• Pipelines Are the Safest Way to Transport Oil: Pipelines are shown to be the safest way to move oil and this is backed up by statistical information released by the Government of Canada and the U.S. Department of Transportation.
    • Using data from a study by the U.S. Department of Transportation between 2005 and 2009, it found the "rates of injury requiring hospitalization in the U.S. were 30 times lower among pipeline workers than rail workers involved in shipping oil."
    • For truck transport, the injury rate is 37 times higher than oil transport by pipelines.
    • When it comes to spills, road transport has the worst record of incidents; nearly 20 incidents per billion tons moved.
    • Rail had just over two incidents per billion tons of oil moved.
    • Pipelines had less than 0.6 accidents per billion tons of oil moved
  • Pipelines Can Transport a Much Higher Volume of Oil Than Other Risky Alternatives: According to the Canadian Energy Pipeline Association 3 million barrels of oil would require 15, 000 tanker trucks, or 4, 200 rail cars to transport. With the statistics we see above we can see that pipelines are the most efficient and safe way to move oil around.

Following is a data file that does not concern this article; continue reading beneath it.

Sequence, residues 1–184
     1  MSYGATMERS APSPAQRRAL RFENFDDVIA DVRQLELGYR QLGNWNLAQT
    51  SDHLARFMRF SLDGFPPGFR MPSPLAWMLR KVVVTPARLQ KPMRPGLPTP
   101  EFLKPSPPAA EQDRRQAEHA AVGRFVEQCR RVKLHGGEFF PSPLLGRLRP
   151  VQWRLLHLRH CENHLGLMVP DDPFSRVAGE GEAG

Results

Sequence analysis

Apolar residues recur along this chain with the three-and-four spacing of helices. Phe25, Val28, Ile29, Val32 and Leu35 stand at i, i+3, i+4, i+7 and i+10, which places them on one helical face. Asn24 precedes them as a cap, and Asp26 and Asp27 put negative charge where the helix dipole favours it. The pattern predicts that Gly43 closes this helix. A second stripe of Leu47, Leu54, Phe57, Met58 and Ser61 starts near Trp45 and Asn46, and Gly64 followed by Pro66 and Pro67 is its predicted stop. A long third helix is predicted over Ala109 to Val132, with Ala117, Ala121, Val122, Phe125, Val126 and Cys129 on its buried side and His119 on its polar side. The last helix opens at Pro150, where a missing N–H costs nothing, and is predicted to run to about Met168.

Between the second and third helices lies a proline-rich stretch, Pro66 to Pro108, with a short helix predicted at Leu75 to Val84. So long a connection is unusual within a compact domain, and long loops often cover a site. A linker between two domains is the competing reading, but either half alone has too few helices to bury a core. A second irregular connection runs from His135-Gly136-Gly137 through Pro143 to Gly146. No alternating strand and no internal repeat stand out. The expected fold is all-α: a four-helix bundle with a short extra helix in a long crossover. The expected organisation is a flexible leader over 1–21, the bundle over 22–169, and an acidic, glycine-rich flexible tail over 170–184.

• The Keystone XL and Energy East Pipelines Would Be New: The Keystone XL and Energy East pipelines would be brand new materials and would be built to very high standards; the strictest standards available today. Any potential failures on this pipeline will be detected very quickly and will be controlled by automatic operation of emergency shut-off valves at regular intervals.


  • Canada Imports a Staggering Amount of Oil: The National Energy Board has data that shows that Canada imports 736,000 barrels of crude oil a day. Most of this is to satisfy the energy needs of the Eastern seaboard. This accounts for nearly 63% of Canada's imports. Why are we importing such a staggering amount of oil and spending it in foreign markets when we can keep this money in Canadian hands?